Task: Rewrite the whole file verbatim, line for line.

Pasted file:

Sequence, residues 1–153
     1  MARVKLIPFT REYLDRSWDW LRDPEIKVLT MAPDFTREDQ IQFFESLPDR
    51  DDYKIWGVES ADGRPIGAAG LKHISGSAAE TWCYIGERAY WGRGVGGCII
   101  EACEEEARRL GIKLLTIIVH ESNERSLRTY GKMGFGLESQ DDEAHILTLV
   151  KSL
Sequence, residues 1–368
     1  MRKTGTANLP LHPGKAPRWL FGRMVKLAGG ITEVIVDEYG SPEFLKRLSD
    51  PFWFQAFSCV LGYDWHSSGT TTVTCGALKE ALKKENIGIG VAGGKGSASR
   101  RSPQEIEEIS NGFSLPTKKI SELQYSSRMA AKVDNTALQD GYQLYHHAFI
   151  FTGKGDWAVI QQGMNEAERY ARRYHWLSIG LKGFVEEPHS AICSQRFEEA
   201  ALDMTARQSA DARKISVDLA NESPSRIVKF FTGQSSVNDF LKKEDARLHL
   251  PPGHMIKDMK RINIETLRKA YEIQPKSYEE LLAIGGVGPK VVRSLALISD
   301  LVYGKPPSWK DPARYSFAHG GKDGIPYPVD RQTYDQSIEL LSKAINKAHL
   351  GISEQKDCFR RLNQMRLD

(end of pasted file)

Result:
Sequence, residues 1–153
     1  MARVKLIPFT REYLDRSWDW LRDPEIKVLT MAPDFTREDQ IQFFESLPDR
    51  DDYKIWGVES ADGRPIGAAG LKHISGSAAE TWCYIGERAY WGRGVGGCII
   101  EACEEEARRL GIKLLTIIVH ESNERSLRTY GKMGFGLESQ DDEAHILTLV
   151  KSL
Sequence, residues 1–368
     1  MRKTGTANLP LHPGKAPRWL FGRMVKLAGG ITEVIVDEYG SPEFLKRLSD
    51  PFWFQAFSCV LGYDWHSSGT TTVTCGALKE ALKKENIGIG VAGGKGSASR
   101  RSPQEIEEIS NGFSLPTKKI SELQYSSRMA AKVDNTALQD GYQLYHHAFI
   151  FTGKGDWAVI QQGMNEAERY ARRYHWLSIG LKGFVEEPHS AICSQRFEEA
   201  ALDMTARQSA DARKISVDLA NESPSRIVKF FTGQSSVNDF LKKEDARLHL
   251  PPGHMIKDMK RINIETLRKA YEIQPKSYEE LLAIGGVGPK VVRSLALISD
   301  LVYGKPPSWK DPARYSFAHG GKDGIPYPVD RQTYDQSIEL LSKAINKAHL
   351  GISEQKDCFR RLNQMRLD